Did you know that north and south can also be reversed, that the hour of a day is not always 24 hours, and that there is a place where gold – the metal that everyone craves – is so much that it covers the whole onion. 45 cm thick layer?
Always know that the Earth still contains many mysteries. Always know that science is making efforts every day and has also successfully responded to many phenomena.
Yet we still can’t stop being surprised by this familiar “cradle” from the beginning of this human race.
1. Super big gold in the middle layer: 1.6 trillion tons, enough to cover the whole planet
According to the estimates of geologists, in the core of the hot forest of the Earth, there is approximately … 1600 billion tons of gold, so much so that it is enough to cover the surface of 510 million km2 of the Earth, but 45 cm.
But don’t be too happy! Even if there is more, no gold crumbs will fit in your pocket.
The reason was simple: there was no way to extract this unlimited wealth. The temperature at the center of the planet is 60,000 degrees Celsius. Humans can fly in space, but across the earth it is hard to fear.
2. The length of a day is not 24 hours
If you think a day is always 24 hours, that’s a bit wrong. 620 million years ago, a day on Earth was only 21.9 hours. And 350 million years ago, it was about 23 hours a day.
The reason for this movement is because of the pressure of the tides. It interferes with the Earth’s rotation, causing the planet to rotate about 1.7 thousand seconds slower every … century.
Do not laugh! His grandparents inherently have the expression “Little Tieu to Great”. So if the earth is still about 50 billion years away from now, a day would be 1000 hours. Just thinking about what to do for the rest of the day takes so long, it’s enough …
But of course that day will not come, because the Sun’s life will only last a few billion years.
3. The North Pole was not the North Pole
Only on the magnetic properties, of course. Because the Earth’s core is melted, the enormous amount of iron it contains can also move, causing a polar inversion on the ground.
About 800,000 years ago, the North is now the South and vice versa. Previously, the two North-South directions also reversed every 200 to 300,000 years.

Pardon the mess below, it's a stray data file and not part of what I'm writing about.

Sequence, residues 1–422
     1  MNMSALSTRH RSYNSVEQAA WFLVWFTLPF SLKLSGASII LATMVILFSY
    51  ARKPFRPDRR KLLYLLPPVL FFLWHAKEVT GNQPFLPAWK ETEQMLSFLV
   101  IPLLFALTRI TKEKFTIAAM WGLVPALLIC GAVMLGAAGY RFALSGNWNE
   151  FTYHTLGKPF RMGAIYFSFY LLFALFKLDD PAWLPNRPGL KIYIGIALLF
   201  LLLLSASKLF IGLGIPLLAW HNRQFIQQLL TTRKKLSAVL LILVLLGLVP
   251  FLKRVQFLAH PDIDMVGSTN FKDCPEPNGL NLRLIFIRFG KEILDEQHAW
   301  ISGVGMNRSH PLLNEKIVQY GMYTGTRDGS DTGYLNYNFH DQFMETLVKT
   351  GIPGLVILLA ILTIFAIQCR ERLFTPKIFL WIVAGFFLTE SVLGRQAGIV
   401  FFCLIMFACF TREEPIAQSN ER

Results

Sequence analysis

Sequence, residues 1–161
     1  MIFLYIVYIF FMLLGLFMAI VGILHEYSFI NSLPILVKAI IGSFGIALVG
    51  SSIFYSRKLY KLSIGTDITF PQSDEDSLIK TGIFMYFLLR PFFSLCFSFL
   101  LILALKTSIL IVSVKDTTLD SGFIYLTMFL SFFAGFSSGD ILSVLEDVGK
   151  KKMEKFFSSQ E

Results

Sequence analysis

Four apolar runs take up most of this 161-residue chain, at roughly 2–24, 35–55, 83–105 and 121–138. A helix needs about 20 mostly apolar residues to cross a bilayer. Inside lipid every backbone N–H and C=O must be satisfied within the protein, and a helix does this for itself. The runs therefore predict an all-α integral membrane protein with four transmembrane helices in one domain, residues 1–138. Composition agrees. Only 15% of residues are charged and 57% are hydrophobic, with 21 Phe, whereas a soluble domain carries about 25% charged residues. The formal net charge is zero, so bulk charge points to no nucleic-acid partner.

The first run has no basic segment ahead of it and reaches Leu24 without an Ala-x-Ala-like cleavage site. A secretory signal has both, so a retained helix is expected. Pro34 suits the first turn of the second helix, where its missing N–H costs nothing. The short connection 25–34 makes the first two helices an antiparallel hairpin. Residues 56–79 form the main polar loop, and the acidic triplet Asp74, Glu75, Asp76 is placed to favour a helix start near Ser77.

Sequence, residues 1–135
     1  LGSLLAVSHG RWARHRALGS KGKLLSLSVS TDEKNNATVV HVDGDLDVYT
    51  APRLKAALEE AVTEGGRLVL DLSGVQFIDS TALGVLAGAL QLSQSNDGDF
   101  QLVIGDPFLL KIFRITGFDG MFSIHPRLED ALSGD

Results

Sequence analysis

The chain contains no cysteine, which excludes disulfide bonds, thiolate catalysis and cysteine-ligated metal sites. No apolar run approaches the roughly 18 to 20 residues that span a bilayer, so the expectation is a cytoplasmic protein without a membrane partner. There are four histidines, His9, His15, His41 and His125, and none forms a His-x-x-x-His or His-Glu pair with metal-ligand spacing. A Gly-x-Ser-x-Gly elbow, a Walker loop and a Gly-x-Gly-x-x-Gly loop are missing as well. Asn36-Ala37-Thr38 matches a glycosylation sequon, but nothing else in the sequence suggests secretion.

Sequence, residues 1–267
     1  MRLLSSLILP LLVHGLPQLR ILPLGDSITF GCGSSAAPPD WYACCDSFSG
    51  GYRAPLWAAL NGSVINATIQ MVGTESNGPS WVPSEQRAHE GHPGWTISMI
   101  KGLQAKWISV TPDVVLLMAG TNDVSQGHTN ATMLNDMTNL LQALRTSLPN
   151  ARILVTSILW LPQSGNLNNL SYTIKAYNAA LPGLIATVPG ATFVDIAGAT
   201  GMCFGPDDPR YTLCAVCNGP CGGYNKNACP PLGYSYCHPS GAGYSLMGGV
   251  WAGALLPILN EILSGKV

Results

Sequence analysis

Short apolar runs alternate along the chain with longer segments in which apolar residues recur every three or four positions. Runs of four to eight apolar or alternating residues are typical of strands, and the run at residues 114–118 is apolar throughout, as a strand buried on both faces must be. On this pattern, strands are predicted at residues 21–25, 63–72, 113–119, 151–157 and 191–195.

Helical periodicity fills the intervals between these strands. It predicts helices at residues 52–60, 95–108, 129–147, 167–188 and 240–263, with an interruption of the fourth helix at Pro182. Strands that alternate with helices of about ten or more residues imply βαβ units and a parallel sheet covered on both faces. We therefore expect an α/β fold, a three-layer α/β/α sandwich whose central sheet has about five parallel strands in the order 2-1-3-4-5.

It looks like we are very close to the next magnetic field reversal. But the study of fossil data shows that this inversion has no effect on surface life.
4. Rivers can also boil and lakes can explode.
These two strange phenomena are not difficult for science to explain, but they are both interesting and frightening.
Amazon crosses Peru. In fact, it only boils for a length of 8.8 km and only occurs during the dry season.
The river is boiling, at nearly 100 degrees Celsius in the Amazon
Oddly enough, the shamans of some of the native tribes living around believe that soaking in the boiling river is a way to “dispel all disease”. In fact, if people wander the smoky stretch of the river, people might die of burns before they die of illness, as the temperature in this river sometimes reaches close to 100 degrees Celsius.
The explosion lake is a particularly rare phenomenon that occurs once every thousand years, and only occurs in extremely deep lakes, which accumulate a lot of carbon dioxide. This enormous amount of CO2 had to be activated by seismic action to cause an eruption.
Although super rare, once it does, the explosion of the lake will cause terrible disasters. It sends CO2 shock waves through the air, suffocating people and animals nearby. It would be better if it explodes during the day, because we still know how to run. But if it silently explodes in the middle of the night, the consequences are immeasurable.
As in the explosion of Lake Nyos in Cameroon on the night of August 21, 1986. The event claimed the lives of 1,746 people and 3,500 domestic animals. And of the 800 Cameroonians living nearby, only six of them survived.
5. The driest desert is located in … Antarctica
As common sense dictates, the driest deserts must be in Africa, the hottest continent on the planet. But in fact, it is located in the middle of Antarctica, the iceiest and coldest land.